Menus Subscribe Search

Follow us


This Is Your Brain

ham-cook

(Photo: icanchangethisright/Flickr)

Hams Without Ends and Cats Tied to Trees: How We Create Traditions With Dubious Origins

• July 28, 2014 • 6:00 AM

(Photo: icanchangethisright/Flickr)

Does it really matter if the reason for why you give money to newlyweds is based on a skewed version of a story your parents once told you?

“What was that all about?” It was a fair question. I’d just finished passing a 20-dollar bill to the couple beside us at the stoplight, and not even they seemed to understand what had happened.

I had rolled down my window, and then waved my arms until the man in the passenger seat noticed. He rolled down their window, and then listened as I shouted, “Have a happy honeymoon!”

He took my 20 and waved goodbye. “What was that all about,” my own shotgun companion had asked. “Do you know them?”

Knowing that someone bought my parents a tank of gas hasn’t made me any less likely to hand newlyweds a little cash—in fact, it’s a cheaper alternative to the kindness some stranger showed them.

No, I didn’t know them. I’d never met the couple, but I’d seen “Just Married” written on the tailgate of their truck and the wedding bells painted on their rear window. I did what I have always done since getting my license: If I had any cash, then I’d give something—a 10, a five, usually nothing larger than a 20—to the newly married couple.

It was, as I told my friend, a tradition. Some stranger had done this same thing for my parents when they were on their honeymoon three decades ago, or so I thought. When I asked my parents about it, having handed over all those hard-earned but easily gifted bills to newlyweds for years, they laughed. No stranger had ever done this for them.

No one had given them cash, but someone had bought them a tank of gas. Married on the Eastern Shore of Maryland, but driving to Virginia for their honeymoon, my parents had stopped for gas somewhere near Winchester. When they went into the store to pay for what they’d pumped, the attendant told them the man on the other pump had already paid, and wished them well.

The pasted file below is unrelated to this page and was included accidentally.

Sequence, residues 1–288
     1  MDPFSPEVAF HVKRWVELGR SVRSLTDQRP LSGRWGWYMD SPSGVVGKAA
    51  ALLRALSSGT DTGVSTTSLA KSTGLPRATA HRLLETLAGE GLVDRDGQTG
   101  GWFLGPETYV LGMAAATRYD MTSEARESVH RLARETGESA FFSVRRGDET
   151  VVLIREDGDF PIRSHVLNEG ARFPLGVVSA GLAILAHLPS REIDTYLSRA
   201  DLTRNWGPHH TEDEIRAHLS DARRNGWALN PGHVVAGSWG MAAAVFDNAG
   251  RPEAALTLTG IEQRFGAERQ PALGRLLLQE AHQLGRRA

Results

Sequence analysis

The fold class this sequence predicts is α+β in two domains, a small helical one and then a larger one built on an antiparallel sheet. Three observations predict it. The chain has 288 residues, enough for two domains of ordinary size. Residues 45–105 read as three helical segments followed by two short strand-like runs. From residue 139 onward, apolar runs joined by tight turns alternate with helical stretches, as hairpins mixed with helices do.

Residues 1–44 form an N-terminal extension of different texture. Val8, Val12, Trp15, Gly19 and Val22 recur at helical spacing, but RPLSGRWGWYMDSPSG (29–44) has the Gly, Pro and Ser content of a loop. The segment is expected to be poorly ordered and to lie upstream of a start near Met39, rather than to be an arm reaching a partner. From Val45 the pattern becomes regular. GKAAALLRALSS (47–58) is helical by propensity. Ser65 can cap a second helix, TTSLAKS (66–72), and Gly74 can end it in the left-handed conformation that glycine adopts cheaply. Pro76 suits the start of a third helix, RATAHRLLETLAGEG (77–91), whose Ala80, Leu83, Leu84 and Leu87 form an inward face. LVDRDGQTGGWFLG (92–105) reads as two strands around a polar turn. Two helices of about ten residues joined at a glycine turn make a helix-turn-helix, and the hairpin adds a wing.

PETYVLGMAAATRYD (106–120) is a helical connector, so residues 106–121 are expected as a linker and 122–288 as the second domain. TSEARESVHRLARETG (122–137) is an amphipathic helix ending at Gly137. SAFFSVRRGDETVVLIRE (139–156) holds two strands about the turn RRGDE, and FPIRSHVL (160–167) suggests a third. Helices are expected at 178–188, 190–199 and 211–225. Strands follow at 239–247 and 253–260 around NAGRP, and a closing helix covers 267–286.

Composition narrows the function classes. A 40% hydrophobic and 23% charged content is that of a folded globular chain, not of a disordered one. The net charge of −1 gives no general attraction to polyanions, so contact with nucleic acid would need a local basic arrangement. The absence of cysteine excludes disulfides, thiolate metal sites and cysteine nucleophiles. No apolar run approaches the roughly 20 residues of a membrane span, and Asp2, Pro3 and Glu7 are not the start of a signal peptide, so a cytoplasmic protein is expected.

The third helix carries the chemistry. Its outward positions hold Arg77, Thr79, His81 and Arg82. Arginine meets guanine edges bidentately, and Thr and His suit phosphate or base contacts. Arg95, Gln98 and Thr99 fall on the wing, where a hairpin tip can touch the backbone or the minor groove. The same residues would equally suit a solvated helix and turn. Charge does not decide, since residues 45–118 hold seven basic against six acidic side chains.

That man, though he never spoke to them, noticed the white paint that spelled out “Just Married” on the rear window of their ’79 Ford Pinto, and paid for their gas. They left Winchester for Appomattox, the first of several battlefields they planned to visit. Somehow, 30 years later, I’d mangled the story, swapping cash for gas, and inventing an interaction with the well-wisher that had never happened.

Even before Queen Victoria’s white dress, weddings were magnets for these kinds of traditions. But like my misremembering, such traditions are often altered: taken in where they need it, let out where they don’t.

But it can be easy to carry on traditions without appreciating why we do so. Two folk stories illustrate this well. Take the tale of the guru who tied his cat to a tree during worship because it distracted worshippers. The guru died, and for years, the cat continued to be tied to the tree; when the cat died, another was found to take its place. The cat became a liturgical tradition, even though its presence had nothing to do with the worship being conducted inside the temple.

Similarly, consider the story of the couple who fought over how to cook a ham: the husband insisting the end be cut off and the wife demanding to know why; the husband answered it was because that was how his grandmother cooked it, but it turned out she only cut off the ends because her roaster wasn’t big enough for a whole ham. The culinary tradition had nothing to do with the quality of the dish, and everything to do with the size of the oven.

Such dubious origins needn’t invalidate a tradition, though it is useful to know why we do the things we do. Knowing that someone bought my parents a tank of gas hasn’t made me any less likely to hand newlyweds a little cash—in fact, it’s a cheaper alternative to the kindness some stranger showed them.

Anything, then, can become a tradition. It only takes doing it more than once. My little sister always lifts her feet when she drives across railroad tracks, though she doesn’t really have a reason for doing so. Just a tradition, I guess, or maybe even a little bit of superstition. A friend of mine always pays the toll of the car behind her, or at least she did when the toll to cross the Chesapeake Bay Bridge was only $2.50.

I don’t know if she’s kept up that tradition now that it’s $6. That tradition made a lot more sense when it only required a five-dollar bill: you could execute your kindness, and save yourself the trouble of waiting for the tollbooth attendant to make change. Traditions, then, aren’t only inherited, but can be habits we observe. Family traditions, yes, but also friend traditions, and even traditions enacted between strangers, like the cash I still like to toss at newlyweds in cars.

Casey N. Cep
Casey N. Cep is a writer from the Eastern Shore of Maryland. She has written for the New Republic, the New York Times, the New Yorker, and the Paris Review. Follow her on Twitter @cncep.

More From Casey N. Cep

A weekly roundup of the best of Pacific Standard and PSmag.com, delivered straight to your inbox.